Western Price Survey
February 24, 2017
Sierra snowpack to date is at 190 percent of average for Feb. 24, according to a report from California’s Department of Water Resources. Reservoir levels, meanwhile, are at 123 percent of average.
Expect “a long snowmelt season this spring/summer,” tweeted the National Weather Service’s California Nevada River Forecast Center.
Officially, California’s last water forecast of the year comes on May 1, and there’s no telling where snow-water content and reservoirs will be then. However, CAISO is already predicting a heavier runoff season than last year. The grid operator said it may need to curtail up to 8 GW of generation this spring as it copes with runoff season and increasing amounts of solar on the grid, which is consistently producing at around 8 GW.
This week, working natural gas in storage was 2,356 Bcf as of Feb. 17, according to U.S. Energy Information Administration estimates. This is a net decrease of 89 Bcf versus the previous week.
Storage levels are now 10 percent less than a year ago and 7.1 percent greater than the five-year average.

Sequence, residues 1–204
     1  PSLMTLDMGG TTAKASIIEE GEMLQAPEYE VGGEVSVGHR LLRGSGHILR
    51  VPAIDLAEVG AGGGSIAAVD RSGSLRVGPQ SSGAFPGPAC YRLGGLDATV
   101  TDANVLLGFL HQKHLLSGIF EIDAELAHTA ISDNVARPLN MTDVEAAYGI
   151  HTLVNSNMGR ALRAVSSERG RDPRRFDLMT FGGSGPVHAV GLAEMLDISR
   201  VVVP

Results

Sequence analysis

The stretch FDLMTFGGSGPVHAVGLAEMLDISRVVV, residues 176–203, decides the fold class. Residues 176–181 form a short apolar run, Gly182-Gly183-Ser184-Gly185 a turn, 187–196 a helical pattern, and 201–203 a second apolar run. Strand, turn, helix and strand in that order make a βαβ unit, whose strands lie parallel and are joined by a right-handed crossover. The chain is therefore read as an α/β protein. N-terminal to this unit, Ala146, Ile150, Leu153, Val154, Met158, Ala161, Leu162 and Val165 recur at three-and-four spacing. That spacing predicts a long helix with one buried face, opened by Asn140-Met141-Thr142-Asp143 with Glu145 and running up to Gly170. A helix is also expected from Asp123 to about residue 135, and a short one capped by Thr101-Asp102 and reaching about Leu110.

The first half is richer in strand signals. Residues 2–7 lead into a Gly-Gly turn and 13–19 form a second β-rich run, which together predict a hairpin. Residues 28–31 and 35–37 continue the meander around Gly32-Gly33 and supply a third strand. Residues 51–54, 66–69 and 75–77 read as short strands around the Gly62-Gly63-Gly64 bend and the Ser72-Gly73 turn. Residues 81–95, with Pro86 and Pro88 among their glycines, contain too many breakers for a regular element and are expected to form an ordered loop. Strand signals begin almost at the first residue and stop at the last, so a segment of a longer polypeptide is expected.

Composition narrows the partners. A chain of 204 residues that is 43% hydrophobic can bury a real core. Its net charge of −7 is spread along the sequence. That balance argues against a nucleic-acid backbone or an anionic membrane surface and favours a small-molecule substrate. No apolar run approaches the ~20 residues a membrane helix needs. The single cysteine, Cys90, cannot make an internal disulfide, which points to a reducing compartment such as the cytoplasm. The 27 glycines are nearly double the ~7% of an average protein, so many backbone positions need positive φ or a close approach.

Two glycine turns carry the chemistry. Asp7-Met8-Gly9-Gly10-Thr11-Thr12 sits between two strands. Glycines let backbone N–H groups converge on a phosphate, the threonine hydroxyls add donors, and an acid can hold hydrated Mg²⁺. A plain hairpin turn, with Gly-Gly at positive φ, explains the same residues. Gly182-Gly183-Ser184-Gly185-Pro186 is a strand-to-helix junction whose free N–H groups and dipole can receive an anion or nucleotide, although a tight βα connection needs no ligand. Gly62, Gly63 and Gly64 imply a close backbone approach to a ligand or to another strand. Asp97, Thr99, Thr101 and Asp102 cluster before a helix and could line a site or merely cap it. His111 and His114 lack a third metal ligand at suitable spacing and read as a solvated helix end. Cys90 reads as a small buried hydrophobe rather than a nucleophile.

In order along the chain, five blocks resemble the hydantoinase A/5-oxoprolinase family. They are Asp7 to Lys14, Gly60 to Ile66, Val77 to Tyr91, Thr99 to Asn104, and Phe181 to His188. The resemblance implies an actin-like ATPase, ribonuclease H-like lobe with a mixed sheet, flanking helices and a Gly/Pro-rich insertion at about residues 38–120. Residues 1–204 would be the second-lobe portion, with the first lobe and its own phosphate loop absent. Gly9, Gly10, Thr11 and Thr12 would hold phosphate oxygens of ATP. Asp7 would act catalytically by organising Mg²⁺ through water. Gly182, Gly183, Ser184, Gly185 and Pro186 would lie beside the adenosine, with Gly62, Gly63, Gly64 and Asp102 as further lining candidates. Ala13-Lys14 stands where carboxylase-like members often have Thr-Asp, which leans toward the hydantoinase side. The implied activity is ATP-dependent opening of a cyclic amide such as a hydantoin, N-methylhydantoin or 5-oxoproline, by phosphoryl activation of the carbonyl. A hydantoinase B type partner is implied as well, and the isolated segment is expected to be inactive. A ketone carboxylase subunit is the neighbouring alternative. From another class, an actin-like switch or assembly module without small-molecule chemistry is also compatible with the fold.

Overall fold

Natural gas demand across the U.S. decreased 15 percent week over week, according to the EIA. Natural gas used for power generation decreased 3 percent compared to the previous week. Continued soft demand in recent weeks has the EIA sticking with its forecast for a record level of natural gas in storage by the end of winter.
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Henry Hub gas spot values dropped 32 cents between Feb. 16 and Feb. 23, ending at $2.60/MMBtu. Western natural gas prices followed suit, losing between 19 cents and as much as 36 cents. El Paso-Permian natural gas posted the greatest loss, down 36 cents to $2.32/MMBtu. PG&E CityGate gas lost 19 cents in trading, ending at $3.11/MMBtu.
Western peak and off-peak power prices varied in the abbreviated Feb. 17-24 trading period.
Demand peaked on the CAISO grid at 29,035 MW Feb. 23 which should be the week’s high. Northwest Power Pool demand reached 59,814 MW that same day, but the week’s peak demand is forecast to occur Feb. 24, when demand should reach 60,773 MW.
What’s next: The most recent Climate Prediction Center forecast expects California to have a “below normal” probability of precipitation into the first week of March. –Linda Dailey Paulson [Linda Dailey Paulson].
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